“Empire of Sand by Tasha Suri was one of those reads that had me unmoving from my room for hours as I raced to finish it in one sitting, heart palpitations going haywire the whole time.
This is a book about systemic oppression and generational trauma—how you inherit both simply for being born a certain way. It’s about identity and sticking true to who you are even when the world wants you to believe you’re monster. And at the heart of it all, it’s about freedom and humanity—what is true freedom in a world where it doesn’t seem to exist?
Tasha Suri weaves the answers to all of these questions into a poetic tale with all the force of a desert storm that will leave you breathless and gasping in its aftermath.” — Shri @ sun and chai
Our Wayward Fate by Gloria Chao
“Our Wayward Fate touched my heart. The ways Ali suffers from self-erasing her identity, her differences, deeply resonated with some of my own experiences growing up. When you laugh, because you think the feeling in your throat will go away, and instead the lump grows larger and more difficult to stomach. How comments make you uncomfortable without knowing the words to voice how.
The racism Ali and Chase experience in this book was never as overt as what I experienced growing up, and our experiences are different as I’m a Chinese American adoptee, but I felt deeply seen in some of Ali’s experiences.” — Lili @ Utopia State of Mind
Jade City (The Green Bone Saga, #1) by Fonda Lee
“It’s hard to use words to express how amazing Jade City is when it’s basically everything!! in a book!!!
Its intricacy is everywhere from the way that the world is constructed to the complexity of the characters!l.
Guys, the hype is real and accurate (and Fonda Lee is a god).
Also, I’m terrified of the next book.” — Ju @ Paper Blots
The Wolf of Oren-Yaro by K.S. Villoso
“K.S. Villoso’s debut explores what it means to be a Filipino woman in a high fantasy setting. This book urges its readers to examine their own definition of a “strong female character” and look at the trope from a different culture’s perspective.”
— Kate @ Your Tita Kate
The Star-Touched Queen (The Star-Touched Queen, #1) by Roshani Chokshi
recommended by Chloe Gong, author of These Violent Delights (Simon Teen, fall 2020)
“I remember reading this entire book in one sitting, and then flipping right back to the start as soon as I finished so I could read it again and take in the gorgeous writing more slowly.
With an India-inspired fantasy setting/culture and one of my favorite protagonists ever, the story is simultaneously gripping yet leisurely, beautiful yet purposeful.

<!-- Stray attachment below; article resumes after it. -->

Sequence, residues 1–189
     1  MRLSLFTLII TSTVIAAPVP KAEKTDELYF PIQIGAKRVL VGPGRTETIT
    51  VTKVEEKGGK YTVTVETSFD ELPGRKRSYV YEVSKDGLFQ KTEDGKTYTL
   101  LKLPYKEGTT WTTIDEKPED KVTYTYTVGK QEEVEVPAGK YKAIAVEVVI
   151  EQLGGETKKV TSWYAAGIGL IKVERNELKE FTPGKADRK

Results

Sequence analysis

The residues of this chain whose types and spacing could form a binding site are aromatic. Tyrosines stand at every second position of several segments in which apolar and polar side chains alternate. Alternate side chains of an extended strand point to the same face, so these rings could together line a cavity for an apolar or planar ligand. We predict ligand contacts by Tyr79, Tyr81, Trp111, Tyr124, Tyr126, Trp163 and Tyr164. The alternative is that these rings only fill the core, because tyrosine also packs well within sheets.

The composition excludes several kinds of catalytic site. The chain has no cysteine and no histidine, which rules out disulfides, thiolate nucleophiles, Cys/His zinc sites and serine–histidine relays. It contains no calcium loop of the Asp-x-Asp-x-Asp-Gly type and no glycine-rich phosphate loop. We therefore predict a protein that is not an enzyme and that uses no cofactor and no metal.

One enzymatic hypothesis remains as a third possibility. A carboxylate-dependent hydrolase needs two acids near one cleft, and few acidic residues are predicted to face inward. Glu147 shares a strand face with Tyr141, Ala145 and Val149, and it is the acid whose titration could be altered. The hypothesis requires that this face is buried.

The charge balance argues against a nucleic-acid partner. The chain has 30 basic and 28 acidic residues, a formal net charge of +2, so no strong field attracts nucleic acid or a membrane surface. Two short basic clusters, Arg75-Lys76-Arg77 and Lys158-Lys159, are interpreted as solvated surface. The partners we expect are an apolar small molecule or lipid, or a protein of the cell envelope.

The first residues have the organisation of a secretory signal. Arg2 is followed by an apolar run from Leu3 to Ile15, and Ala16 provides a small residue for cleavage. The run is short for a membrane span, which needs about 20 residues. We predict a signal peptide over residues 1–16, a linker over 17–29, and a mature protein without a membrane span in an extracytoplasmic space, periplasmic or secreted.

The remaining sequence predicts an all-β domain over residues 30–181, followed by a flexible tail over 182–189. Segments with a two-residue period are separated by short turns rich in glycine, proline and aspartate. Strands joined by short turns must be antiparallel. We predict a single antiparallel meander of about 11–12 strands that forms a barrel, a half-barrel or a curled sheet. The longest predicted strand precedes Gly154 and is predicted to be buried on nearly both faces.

Also there’s a talking horse, and I love her.”
A Spark of White Fire (The Celestial Trilogy, #1) by Sangu Mandanna
recommended by Natasha Ngan, NYT bestselling author of the Girls of Paper and Fire series
“I love Mandanna’s sparky heroine Esme, who is beautifully complex, as is the journey we travel with her on.
Esme discovers her family and works to carve out her complicated place within it, but things are never straightforward in Mandanna’s dark, political world, and there are plenty of heartbreaking twists that had me gasping and both cheering on and crying for Esme.
Add in witty banter with a sentient spaceship and grumpy gods, and what more could you ask for?”
Rebel Seoul (Rebel Seoul, #1) by Axie Oh
recommended by Andrea Tang, author of Rebelwing (Penguin, spring 2020)
“Axie Oh’s Rebel Seoul is probably the closest you’ll ever come to experiencing both classic mecha anime and a full stop K-drama binge watch without once touching a TV screen.
Axie employs a brilliant knack for somehow capturing the cultural and visual nuances of both genres in plain old beautifully written word. Everyone knows that I, for completely unbiased and impersonal reasons (*cough*), love me some giant robots, but Rebel Seoul is so much more than that.
If you love all things streamable on Crunchyroll, this book will feel like coming home; if not, it’s a well-crafted gateway to an addictively good time!”
A Very Large Expanse of Sea by Tahereh Mafi
recommended by Tashie Bhuiyan, author of Counting Down With You (Harper Collins, 2021)
“A Very Large Expanse of Sea by Tahereh Mafi is one of my favorite standalone novels of all time.
It’s such an important story that discusses Islamophobia post-9/11 and provides insight to what many Muslims have experienced/still experience, not only in terms of prejudice but in respect to their daily lives. At the same time, the heart of this story lies in the gentle romance between Shirin and Ocean and I can’t get enough of either of them. I always understood why these characters were making the decisions they did, and every single scene one of their scenes felt so raw and honest.
I felt every part of this book in my heart and I honestly can’t recommend it enough.”
Which Asian book(s) do you love?
Any books in this post that you’ve read, or are planning to read?
Have you joined #YARC2020? 💗